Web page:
Techniques of biofortification

There are three common approaches to biofortification: Agronomic, conventional, and transgenic.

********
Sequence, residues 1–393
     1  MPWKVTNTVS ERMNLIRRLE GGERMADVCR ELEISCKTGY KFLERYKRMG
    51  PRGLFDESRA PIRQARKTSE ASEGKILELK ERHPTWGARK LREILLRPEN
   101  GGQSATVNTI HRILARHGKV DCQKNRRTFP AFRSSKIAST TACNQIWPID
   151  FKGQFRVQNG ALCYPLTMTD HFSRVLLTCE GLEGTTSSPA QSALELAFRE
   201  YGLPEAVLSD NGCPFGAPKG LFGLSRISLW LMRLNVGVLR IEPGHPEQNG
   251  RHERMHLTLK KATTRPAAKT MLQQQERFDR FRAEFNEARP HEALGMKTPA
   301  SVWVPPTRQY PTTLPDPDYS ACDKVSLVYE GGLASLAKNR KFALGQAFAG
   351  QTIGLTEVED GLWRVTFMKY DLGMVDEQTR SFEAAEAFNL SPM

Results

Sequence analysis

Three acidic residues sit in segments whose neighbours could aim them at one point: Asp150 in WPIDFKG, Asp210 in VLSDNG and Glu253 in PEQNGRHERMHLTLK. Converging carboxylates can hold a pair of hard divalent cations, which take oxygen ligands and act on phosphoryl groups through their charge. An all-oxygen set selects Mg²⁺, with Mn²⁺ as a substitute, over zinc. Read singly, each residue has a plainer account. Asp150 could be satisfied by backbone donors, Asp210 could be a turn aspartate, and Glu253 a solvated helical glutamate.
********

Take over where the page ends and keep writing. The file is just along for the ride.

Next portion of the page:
Agronomic biofortification provides a temporary increase in micronutrients through fertilizer application. This approach is useful for increasing micronutrients that plants can absorb directly, such as zinc, but is less effective for micronutrients that are synthesized in the plant and cannot be absorbed directly [17]. It involves the application of mineral fertilizers to soil or crops to increase the concentration and biological accessibility of specific nutrients in the crop [18]. Initially, agronomic practices were aimed at improving crop health and increasing yields. However, the importance of nutrition has been emphasized over the years; as a result, agronomic practices have been extended to improve the nutritional quality of crops [19]. Changes in climatic conditions and rapid depletion of soil nutrients indicate the need to improve and expand agronomic practices to include improving the nutritional quality of plants [20]. This method focuses on improving mineral solubility and mobilization [21]. The effectiveness of agronomic interventions depends on soil composition, mineral solubility and mobility, the plant's ability to absorb minerals, and the accumulation of bioavailable minerals at non-toxic levels. in the edible part of the plant [22]. Agronomic biofortification mainly focuses on minerals and not vitamins because vitamins are synthesized in plants. Therefore, agronomic biofortification cannot be used as a sole strategy to eliminate micronutrient deficiencies and must complement other strategies for effective bio fortification [23]. The use of fertilizers to enhance agronomic practices must be done carefully as improper application of fertilizers can have unintended and sometimes severe consequences for the environment and plants. On the other hand, a balanced fertilization strategy is both more economically beneficial and more ecologically sustainable. In addition, soil microorganisms play an important role in soil ecology and are very sensitive to fertilizer application. A deficient fertilization regimen leads to nutrient deficiencies and subsequent changes in the soil microbial community. Imbalanced fertilization can have adverse effects on the biological health of the soil in the long run [24].